A progressive alternative should start by moving away from elite assumptions about the national interest and root itself instead in the actual security needs of ordinary people. Security should be defined not as the absence of risk but as “the presence of healthy social and ecological relationships”. A national audit of security needs, with genuine local community involvement across the UK, should be conducted to provide a comprehensive view of the expressed concerns of ordinary people. This audit should provide the basis for defining the goals and methods of UK security policy.
Alongside this, an independent commission to investigate the nature and causes of political violence should seek to involve a broad range of academics, other experts and communities. The government’s current account of what causes terrorism is remarkably simplistic: that terrorism is caused by the presence of extremist ideology, which is defined as the rejection of British values. While this view has been avidly promoted by conservative think-tanks, there is no empirical evidence to support it.
The government’s Prevent policy, which rests on this flawed account, should be ended. Prevent collapses mechanisms designed to safeguard children and young people into the structures of counter-terrorism surveillance. Rather than expect social workers and teachers to become surrogate national security investigators, a better approach is to strengthen longstanding safeguarding procedures with the resources needed for effective delivery.
Central to the prevailing approach to counter-terrorism is the desire to avoid regular, open criminal trials in front of a jury – because juries can occasionally hold the police and prosecutors to account for abuses. Preferred instead are the use of secret evidence, extradition, citizenship deprivation and restrictions on movement and behaviour that do not require a criminal conviction. Indeed, there have been cases of Muslims deprived of their British citizenship by the Home Office and subsequently extradited to the United States, subject to rendition or killed by drone. It is time to return to prosecutions in open courts in front of juries.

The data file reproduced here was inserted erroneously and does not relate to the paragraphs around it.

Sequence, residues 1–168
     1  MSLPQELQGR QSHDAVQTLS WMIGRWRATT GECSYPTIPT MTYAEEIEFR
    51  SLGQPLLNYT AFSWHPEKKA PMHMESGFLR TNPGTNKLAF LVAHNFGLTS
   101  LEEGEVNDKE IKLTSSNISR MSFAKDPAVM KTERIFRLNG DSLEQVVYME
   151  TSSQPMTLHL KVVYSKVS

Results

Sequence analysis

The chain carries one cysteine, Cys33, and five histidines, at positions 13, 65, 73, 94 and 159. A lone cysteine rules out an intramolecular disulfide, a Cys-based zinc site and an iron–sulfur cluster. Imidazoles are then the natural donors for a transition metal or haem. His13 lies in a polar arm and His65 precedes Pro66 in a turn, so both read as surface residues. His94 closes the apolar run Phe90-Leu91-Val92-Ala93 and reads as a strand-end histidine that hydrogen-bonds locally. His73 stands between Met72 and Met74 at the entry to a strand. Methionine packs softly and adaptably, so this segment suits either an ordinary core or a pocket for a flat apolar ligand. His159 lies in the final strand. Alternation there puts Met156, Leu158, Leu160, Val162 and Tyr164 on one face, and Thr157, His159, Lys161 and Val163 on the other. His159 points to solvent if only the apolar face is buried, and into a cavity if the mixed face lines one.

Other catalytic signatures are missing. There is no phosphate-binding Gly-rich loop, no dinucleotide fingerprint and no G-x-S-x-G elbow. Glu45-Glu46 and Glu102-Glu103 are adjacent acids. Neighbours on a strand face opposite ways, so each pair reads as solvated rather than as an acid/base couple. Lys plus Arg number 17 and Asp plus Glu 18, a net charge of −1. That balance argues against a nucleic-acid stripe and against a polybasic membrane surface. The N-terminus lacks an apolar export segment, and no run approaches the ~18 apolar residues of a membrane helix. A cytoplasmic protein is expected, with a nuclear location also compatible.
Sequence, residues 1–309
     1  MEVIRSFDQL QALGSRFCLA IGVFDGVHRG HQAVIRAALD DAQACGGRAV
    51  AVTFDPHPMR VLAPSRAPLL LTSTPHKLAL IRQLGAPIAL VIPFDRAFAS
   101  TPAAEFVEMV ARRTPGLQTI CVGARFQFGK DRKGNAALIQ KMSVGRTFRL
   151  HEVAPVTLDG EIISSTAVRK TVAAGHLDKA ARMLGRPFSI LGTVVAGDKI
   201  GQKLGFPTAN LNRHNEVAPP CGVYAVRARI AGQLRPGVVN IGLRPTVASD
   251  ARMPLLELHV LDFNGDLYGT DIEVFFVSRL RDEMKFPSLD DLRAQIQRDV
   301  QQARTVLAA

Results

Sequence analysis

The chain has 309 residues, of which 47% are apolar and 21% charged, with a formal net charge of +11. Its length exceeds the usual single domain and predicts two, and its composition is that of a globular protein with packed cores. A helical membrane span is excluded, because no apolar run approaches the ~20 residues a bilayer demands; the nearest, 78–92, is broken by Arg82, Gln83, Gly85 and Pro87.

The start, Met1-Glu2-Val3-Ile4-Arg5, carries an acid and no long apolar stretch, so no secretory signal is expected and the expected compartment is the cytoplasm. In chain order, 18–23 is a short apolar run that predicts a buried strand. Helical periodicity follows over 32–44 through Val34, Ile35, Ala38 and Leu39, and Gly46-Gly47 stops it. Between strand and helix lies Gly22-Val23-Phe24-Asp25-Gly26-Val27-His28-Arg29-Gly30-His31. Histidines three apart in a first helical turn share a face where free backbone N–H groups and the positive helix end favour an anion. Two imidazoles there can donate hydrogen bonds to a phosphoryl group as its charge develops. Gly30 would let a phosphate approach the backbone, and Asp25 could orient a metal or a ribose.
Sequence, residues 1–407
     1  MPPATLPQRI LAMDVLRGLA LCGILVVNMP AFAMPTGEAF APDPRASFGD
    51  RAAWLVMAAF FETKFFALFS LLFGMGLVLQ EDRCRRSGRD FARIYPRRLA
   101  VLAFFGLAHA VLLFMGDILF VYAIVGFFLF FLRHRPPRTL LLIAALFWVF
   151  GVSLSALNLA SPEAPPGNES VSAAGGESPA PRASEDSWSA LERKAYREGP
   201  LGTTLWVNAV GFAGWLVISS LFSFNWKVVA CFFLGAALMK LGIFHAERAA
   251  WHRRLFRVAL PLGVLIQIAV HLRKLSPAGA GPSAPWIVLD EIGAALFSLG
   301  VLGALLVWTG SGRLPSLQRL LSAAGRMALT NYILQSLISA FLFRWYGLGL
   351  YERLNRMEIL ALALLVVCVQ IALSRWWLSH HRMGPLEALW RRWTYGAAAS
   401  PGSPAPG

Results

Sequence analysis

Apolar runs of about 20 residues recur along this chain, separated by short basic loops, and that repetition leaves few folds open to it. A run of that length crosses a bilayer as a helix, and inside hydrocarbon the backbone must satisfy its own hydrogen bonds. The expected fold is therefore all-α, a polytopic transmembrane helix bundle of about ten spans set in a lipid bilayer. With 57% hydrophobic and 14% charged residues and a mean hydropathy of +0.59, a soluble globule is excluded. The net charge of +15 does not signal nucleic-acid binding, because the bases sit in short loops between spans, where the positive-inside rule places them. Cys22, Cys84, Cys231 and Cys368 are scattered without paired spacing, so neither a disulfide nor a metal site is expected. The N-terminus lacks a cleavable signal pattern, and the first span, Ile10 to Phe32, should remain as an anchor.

In terms of foreign policy, the UK should commit to ending involvement in unilateral military actions. There is also a need to deal with the damaging legacy of the failed policies of the past: we still need a public inquiry to bring out what has been suppressed by secrecy and misinformation.
We have seen over the last four years how the Labour Party under a left-wing leadership has been attacked by its opponents as weak on national security. In the face of this, the temptation is to not rock the boat and allow counter-terrorism policy to remain unchanged. But this would mean, upon coming to power, a Labour government defending itself reactively and inconsistently within a framework not of its own choosing. A failure to develop a progressive approach to security could end up undermining the credibility of a Labour government’s broader policy agenda. A better strategy is to adopt from the outset a coherent, explicitly stated, progressive policy that can be defended consistently and confidently.
This article was first published by openDemocracy.